The way you walk may be a symptom of dementia


The researchers evaluated the walking patterns and brain function of 500 participants currently enrolled in clinical trials and found how walking pattern changes in neurodegenerative conditions, like Alzheimer’s disease and dementia.

The recent study compared gait impairments across the cognitive spectrum, including people with Subjective Cognitive Impairment, Parkinson’s Disease, Mild Cognitive Impairment, Alzheimer’s disease, Lewy body dementia and Frontotemporal dementia, as well as cognitively healthy controls.

Four independent gait patterns were identified: rhythm, pace, variability and postural control. Only high gait variability was associated with lower cognitive performance and it identified Alzheimer’s disease with 70 per cent accuracy. Gait variability means the stride-to-stride fluctuations in distance and timing that happen when we walk.

Having gait variability as a motor marker for cognitive decline and different types of conditions could allow for gait assessment to be used as a clinical test, for example having patients use wearable technology.


Gait variability across neurodegenerative and cognitive disorders: Results from the Canadian Consortium of Neurodegeneration in Aging (CCNA) and the Gait and Brain Study



Gait impairment is common in neurodegenerative disorders. Specifically, gait variability—the stride‐to‐stride fluctuations in distance and time—has been associated with neurodegeneration and cognitive impairment. However, quantitative comparisons of gait impairments across the cognitive spectrum of dementias have not been systematically investigated.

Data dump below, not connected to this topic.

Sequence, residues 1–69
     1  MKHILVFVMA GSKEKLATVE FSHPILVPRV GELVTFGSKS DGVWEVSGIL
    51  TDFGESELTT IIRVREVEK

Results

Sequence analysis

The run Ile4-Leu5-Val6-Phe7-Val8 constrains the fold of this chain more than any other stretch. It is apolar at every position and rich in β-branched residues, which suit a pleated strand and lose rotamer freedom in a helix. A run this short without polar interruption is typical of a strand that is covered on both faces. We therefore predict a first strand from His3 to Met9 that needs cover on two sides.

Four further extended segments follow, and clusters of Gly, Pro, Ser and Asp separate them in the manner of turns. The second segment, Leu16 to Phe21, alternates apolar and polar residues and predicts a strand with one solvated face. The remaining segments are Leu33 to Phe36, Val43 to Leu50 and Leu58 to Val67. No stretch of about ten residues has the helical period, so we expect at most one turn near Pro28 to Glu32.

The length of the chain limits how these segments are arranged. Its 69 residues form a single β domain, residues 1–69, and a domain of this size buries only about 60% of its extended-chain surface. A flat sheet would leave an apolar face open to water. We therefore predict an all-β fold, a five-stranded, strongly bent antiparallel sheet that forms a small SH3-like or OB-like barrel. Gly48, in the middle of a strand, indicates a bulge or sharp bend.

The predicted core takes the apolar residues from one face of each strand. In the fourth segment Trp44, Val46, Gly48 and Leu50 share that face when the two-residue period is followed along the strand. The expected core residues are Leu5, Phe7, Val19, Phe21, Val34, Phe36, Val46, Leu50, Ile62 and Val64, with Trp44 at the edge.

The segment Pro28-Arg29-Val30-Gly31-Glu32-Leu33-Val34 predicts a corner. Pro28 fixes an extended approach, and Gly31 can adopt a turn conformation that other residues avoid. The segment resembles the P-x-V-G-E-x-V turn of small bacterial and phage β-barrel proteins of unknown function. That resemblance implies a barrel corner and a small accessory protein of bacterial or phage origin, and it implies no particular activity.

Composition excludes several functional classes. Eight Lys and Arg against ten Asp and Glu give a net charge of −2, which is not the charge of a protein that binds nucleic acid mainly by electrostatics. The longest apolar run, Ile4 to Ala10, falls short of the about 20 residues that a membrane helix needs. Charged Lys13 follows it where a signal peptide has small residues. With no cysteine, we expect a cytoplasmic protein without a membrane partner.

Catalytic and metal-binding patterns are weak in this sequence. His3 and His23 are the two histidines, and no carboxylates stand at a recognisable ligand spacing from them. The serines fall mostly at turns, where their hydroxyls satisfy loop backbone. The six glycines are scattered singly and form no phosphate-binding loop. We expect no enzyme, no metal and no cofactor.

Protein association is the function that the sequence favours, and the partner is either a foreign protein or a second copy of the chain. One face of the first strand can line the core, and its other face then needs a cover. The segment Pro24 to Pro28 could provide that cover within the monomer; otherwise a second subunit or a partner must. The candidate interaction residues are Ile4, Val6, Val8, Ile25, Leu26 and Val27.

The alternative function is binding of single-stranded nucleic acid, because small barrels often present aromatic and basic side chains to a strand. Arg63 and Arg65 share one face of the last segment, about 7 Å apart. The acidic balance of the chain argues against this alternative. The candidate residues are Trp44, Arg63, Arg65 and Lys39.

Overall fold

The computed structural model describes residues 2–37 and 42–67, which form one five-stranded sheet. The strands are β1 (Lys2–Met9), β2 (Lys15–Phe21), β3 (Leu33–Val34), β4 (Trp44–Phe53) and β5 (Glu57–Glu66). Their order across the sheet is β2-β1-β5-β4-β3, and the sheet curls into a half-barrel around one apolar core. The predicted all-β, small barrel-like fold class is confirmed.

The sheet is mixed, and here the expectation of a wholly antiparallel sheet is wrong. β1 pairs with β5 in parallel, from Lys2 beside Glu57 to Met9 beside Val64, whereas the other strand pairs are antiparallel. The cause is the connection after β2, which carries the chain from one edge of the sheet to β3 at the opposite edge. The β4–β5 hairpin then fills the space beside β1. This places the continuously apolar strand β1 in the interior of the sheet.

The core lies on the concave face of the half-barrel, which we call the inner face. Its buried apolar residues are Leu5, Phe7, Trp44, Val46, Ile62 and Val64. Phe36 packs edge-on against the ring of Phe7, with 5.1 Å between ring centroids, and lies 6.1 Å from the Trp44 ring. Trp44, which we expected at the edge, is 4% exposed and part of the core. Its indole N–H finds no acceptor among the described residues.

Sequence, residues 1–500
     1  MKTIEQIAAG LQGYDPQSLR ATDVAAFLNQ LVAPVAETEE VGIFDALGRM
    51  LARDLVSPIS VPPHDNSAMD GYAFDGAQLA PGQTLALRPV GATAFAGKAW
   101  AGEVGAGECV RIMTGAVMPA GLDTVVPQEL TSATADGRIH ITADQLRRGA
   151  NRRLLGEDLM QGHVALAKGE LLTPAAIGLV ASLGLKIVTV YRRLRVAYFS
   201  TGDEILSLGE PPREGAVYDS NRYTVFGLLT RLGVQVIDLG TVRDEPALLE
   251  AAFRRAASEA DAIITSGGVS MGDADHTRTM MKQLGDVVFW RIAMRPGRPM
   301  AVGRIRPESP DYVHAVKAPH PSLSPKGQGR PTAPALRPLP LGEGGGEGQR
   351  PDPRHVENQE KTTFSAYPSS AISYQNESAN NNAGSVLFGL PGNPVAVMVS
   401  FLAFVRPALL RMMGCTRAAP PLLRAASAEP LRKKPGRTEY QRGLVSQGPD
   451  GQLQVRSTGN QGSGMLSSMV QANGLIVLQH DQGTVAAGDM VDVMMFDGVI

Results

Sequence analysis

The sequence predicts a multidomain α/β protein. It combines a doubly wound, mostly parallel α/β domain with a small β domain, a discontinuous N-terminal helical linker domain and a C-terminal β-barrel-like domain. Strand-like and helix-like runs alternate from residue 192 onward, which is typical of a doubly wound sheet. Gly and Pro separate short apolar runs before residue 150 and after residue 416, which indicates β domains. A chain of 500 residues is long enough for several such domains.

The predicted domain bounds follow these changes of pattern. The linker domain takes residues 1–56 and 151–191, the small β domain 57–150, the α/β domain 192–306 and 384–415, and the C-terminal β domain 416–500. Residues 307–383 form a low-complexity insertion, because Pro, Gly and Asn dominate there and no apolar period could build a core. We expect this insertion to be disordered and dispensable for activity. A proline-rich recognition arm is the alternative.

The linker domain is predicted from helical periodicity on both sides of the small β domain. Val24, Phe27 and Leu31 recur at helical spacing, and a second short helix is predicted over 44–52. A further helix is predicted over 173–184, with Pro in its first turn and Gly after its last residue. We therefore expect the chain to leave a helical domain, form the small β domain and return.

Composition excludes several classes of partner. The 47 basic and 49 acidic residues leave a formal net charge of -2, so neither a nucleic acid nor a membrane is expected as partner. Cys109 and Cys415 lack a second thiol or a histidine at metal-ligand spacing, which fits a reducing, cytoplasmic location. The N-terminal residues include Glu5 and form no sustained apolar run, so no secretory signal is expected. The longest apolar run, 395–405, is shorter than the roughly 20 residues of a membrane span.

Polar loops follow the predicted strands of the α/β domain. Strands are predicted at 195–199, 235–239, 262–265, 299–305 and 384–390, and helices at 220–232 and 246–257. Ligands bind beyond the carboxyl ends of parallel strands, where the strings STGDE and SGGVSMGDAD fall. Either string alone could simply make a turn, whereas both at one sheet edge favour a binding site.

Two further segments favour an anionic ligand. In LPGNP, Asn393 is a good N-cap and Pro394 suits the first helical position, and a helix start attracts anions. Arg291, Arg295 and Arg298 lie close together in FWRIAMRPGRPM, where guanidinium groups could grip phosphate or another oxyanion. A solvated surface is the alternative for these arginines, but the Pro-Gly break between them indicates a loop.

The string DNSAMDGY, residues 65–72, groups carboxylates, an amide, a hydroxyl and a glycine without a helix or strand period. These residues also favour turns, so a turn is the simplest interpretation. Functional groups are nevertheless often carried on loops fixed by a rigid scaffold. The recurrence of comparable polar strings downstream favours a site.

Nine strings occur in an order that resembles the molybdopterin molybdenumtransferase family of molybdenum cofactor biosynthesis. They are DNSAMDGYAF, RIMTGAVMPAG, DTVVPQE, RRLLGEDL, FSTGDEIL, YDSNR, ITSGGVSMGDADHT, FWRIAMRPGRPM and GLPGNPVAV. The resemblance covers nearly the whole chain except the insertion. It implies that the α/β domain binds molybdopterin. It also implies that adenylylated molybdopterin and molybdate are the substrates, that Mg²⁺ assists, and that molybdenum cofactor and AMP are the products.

Older adults (N = 500) with subjective cognitive impairment, Parkinson disease (PD), mild cognitive impairment (MCI), PD‐MCI, Alzheimer’s disease (AD), PD‐dementia, Lewy body dementia, and frontotemporal dementia, as well cognitive normal controls, who were assessed for their gait and cognitive performance.


Factor analyses grouped 11 quantitative gait parameters and identified four independent gait domains: rhythm, pace, variability, and postural control, for group comparisons and classification analysis. Among these domains, only high gait variability was associated with lower cognitive performance and accurately discriminated AD from other neurodegenerative and cognitive conditions.


Our findings indicate that high gait variability is a marker of cognitive‐cortical dysfunction, which can help to identify Alzheimer’s disease dementia.


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